Surprisingly, the push to legalize marijuana in Oregon has turned into a tight race. What once looked like a relatively sure thing could now be in some doubt.
A new poll found 44 percent of voters support legalization of cannabis while 40 percent oppose it. That’s a sizeable lead, but it fails to account for the 16 percent of voters who said they were undecided.
Actually, what they said was that they weren’t “certain” to vote for or against the initiative. That doesn’t necessarily mean they’re undecided, but it does suggest there’s a large pool of voters who could swing either way.
Oregon has always seemed one of the most likely states to legalize. But voters there rejected the idea in 2012, the same year Colorado and Washington legalized weed.
SurveyUSA conducted the poll for KATU TV in Portland. A previous poll, conducted in August, found 51 percent of voters support the ballot measure.
Older voters strongly oppose Measure 91, as the initiative is known. Voters 65 years or older reject Measure 91 by 28 percentage points. Likely voters between 50 and 64, on the other hand, support legalization by 13 points. Voters aged 35 to 49 back it by 11 points.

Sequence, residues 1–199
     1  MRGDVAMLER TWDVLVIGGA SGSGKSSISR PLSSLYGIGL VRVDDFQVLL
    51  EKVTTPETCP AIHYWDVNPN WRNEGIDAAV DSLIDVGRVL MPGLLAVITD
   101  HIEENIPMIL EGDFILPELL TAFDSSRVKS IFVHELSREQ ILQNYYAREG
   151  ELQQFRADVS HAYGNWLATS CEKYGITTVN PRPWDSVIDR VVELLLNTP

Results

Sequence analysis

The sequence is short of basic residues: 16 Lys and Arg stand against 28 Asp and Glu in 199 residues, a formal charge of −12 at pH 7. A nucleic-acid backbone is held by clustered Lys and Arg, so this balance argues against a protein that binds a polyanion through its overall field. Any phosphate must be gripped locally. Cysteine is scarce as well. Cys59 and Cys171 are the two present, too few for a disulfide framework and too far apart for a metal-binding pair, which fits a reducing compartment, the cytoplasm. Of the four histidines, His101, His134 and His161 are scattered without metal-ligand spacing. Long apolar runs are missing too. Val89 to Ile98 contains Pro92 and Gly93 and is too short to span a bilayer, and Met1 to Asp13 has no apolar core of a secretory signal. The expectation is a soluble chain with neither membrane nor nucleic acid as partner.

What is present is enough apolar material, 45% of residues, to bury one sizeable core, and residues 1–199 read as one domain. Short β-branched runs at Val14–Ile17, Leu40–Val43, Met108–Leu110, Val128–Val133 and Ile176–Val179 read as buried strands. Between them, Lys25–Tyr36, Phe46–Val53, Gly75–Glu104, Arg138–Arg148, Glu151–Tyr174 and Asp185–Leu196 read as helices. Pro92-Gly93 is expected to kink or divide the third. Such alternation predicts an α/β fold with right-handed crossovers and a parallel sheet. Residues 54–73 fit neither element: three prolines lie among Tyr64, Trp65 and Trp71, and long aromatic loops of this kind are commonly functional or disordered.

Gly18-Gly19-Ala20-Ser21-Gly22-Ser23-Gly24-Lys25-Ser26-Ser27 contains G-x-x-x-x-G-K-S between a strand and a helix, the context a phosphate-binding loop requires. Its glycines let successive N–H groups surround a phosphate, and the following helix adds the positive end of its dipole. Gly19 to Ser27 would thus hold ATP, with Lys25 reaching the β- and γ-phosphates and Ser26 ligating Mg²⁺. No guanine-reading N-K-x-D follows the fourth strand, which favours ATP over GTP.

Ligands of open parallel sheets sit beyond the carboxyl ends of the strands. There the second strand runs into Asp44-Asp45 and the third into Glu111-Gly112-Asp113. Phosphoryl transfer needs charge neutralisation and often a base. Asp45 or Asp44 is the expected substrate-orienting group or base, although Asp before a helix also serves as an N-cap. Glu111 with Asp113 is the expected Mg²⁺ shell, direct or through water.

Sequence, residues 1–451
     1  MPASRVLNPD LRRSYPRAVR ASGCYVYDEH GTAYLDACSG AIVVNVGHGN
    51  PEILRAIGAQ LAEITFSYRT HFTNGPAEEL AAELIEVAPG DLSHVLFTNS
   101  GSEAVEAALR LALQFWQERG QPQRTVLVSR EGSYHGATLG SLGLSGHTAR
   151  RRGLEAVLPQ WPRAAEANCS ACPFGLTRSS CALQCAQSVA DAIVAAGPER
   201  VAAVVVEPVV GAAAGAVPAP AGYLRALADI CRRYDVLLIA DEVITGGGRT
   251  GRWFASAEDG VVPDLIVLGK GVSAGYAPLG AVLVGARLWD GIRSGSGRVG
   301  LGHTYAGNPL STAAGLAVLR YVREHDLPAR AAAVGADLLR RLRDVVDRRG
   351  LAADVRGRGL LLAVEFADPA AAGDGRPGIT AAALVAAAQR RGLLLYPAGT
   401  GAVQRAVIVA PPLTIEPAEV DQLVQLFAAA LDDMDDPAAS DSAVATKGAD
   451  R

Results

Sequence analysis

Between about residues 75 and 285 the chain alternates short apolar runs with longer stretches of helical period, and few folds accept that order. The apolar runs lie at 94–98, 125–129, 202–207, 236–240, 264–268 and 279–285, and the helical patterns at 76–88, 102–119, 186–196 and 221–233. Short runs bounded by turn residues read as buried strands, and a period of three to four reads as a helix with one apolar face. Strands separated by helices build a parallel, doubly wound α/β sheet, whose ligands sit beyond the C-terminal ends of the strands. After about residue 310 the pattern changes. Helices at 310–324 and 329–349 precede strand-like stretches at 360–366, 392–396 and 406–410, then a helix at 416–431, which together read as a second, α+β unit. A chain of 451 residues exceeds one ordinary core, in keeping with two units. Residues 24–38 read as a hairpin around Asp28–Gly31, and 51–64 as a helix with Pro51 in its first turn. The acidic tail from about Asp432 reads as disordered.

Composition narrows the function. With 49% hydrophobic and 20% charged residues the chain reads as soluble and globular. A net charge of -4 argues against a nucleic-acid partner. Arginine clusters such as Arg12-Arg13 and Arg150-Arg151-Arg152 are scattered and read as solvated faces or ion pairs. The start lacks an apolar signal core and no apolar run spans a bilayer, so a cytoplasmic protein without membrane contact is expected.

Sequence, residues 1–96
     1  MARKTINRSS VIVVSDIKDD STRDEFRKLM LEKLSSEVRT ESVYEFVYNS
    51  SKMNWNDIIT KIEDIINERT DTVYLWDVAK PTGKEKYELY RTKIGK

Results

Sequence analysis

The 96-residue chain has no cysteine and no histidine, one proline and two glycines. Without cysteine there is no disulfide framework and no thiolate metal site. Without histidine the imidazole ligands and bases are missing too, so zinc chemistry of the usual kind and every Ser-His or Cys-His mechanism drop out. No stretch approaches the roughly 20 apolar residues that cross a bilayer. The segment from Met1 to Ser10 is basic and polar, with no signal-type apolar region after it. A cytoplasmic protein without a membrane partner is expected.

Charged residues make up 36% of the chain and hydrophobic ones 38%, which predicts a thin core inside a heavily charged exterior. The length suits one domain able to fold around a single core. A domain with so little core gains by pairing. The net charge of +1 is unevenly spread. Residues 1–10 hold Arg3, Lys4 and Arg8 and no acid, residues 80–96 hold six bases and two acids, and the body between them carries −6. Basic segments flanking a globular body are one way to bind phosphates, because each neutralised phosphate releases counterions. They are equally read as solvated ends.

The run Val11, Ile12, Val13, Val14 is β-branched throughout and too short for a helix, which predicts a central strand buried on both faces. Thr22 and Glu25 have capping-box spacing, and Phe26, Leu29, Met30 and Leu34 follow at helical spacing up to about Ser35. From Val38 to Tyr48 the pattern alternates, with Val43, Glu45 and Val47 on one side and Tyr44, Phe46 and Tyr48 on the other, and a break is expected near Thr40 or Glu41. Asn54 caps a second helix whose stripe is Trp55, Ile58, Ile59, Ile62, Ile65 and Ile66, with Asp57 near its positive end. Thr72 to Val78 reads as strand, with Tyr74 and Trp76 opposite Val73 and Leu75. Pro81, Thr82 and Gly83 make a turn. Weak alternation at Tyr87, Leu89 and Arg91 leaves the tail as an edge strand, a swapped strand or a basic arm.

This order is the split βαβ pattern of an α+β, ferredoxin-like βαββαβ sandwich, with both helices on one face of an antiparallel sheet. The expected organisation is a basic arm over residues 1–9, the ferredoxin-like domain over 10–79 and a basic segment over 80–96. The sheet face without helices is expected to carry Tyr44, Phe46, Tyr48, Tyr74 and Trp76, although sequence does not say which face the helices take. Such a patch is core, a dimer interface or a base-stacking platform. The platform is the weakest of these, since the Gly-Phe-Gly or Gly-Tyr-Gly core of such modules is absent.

The campaign is too close to call in Portland, Oregon’s biggest city, with a 42-42 percent tie, according to the poll. Elsewhere, the initiative leads 47 percent to 38 percent.
The poll also found that Gov. John Kitzhaber has a strong lead over challenger Dennis Richardson. Kitzhaber is a Democrat, while Richardson is a Republican, and Democrats have traditionally been much more open to marijuana reforms.
Oregon is one of two states set to vote on legalization in the fall. The other campaign, in Alaska, is also considered to be a close fight, but legalization seems to have the edge.
If both states rejected legalization, it could be a big setback to the reform movement. If even one of them passes, though, it would be a major victory, proof that more Americans are comfortable with the idea of legal pot.
The legalization campaign in Oregon has become contentious in recent months. A congressman accused opponents of Measure 91 of breaking campaign finance rules when they hired a prominent anti-marijuana figure to speak at events that were supposed to be “informational” only.
Organizers of the tour, which was scheduled to stop in several cities across the state, canceled a summit in Medford in October, saying they didn’t realize the guest speaker, Kevin Sabet of Smart Approaches to Marijuana, would be electioneering against legalization.